A worker bee is programmed to sting and give her life for the colony’s protection. Not only that but once one bee stings, the release of the venom signals to other bees to attack, too. One bee sting can quickly turn into multiple stings.  

Beekeepers may become accustomed to bee stings while handling their hives, but for some people, a bee sting can mean a life-threatening allergic reaction. Multiple bee stings can kill someone who has an allergy and goes into anaphylactic shock. 

Ultimately, a ventilated bee protection suit is a small investment compared to the potential for injury from multiple bee stings. Many suits also utilize thicker fabric that can physically prevent bees from sticking you with their stinger.

Worker Bee Loss

When a worker bee stings you, she will most likely die. That’s because her purpose in stinging is to protect the colony, and one small dose of venom isn’t enough to stop most “attackers.” Therefore, the bee’s anatomy dictates that the stinger and its muscles have to remain with the victim.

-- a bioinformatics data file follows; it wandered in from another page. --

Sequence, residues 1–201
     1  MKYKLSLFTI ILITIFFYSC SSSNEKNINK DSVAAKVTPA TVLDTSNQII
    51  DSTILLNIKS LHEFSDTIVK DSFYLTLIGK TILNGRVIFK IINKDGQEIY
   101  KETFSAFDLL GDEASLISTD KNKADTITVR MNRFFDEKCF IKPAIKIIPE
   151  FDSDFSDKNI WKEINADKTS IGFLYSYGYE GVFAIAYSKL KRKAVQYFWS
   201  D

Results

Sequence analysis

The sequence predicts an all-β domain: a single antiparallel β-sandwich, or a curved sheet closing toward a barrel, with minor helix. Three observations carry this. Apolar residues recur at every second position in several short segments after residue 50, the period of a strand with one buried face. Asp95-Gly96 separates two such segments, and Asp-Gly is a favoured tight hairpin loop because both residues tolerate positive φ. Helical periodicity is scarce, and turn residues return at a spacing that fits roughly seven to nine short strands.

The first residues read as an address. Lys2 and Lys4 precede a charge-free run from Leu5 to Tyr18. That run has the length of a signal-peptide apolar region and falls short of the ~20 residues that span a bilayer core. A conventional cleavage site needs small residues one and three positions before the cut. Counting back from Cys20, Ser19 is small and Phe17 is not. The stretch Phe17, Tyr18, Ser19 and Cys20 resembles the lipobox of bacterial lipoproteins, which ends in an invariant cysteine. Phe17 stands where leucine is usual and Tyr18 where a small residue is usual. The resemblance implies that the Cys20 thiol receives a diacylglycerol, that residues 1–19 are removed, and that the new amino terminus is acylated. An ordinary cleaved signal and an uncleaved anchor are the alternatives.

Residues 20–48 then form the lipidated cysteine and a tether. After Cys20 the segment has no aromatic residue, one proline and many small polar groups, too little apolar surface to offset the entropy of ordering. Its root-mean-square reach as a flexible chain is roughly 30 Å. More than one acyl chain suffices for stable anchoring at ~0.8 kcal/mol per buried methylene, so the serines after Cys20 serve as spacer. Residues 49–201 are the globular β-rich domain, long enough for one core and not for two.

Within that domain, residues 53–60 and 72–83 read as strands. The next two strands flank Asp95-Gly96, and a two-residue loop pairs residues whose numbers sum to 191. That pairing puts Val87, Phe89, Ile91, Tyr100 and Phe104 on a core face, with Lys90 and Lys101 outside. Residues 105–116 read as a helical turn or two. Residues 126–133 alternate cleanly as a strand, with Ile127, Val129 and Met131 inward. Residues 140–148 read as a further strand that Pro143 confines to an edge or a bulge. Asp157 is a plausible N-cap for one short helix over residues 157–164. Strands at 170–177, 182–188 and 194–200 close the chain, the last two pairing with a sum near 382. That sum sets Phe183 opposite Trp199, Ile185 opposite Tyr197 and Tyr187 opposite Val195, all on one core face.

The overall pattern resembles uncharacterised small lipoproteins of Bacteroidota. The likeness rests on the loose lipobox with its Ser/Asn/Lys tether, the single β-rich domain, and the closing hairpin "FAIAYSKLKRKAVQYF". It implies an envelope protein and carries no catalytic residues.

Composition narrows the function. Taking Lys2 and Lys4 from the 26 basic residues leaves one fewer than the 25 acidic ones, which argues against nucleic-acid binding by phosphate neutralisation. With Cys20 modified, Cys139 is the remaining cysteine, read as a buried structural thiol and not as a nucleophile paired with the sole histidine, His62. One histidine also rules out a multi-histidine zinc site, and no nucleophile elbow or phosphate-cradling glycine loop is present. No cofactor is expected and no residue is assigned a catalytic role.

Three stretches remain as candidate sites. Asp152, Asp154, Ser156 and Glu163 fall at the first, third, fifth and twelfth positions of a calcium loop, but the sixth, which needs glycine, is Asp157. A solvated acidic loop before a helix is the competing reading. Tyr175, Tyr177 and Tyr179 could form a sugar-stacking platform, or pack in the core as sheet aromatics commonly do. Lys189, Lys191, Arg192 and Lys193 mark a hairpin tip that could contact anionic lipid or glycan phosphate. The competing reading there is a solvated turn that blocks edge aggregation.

Once a bee tries to fly away from the sting site, that motion will pull her stinger and part of her internal organs out with it. The bee’s abdomen, digestive tract, muscles, and nerves rip from her body, most often killing the bee (Source: Wonderopolis).

Unfortunately, the more bees that sting you while you tend to the hive, the fewer are left to produce honey and maintain life in the colony. It’s unlikely that you’ll lose enough bees in one stinging event to decimate the colony, but over time, the loss of worker bees can add up.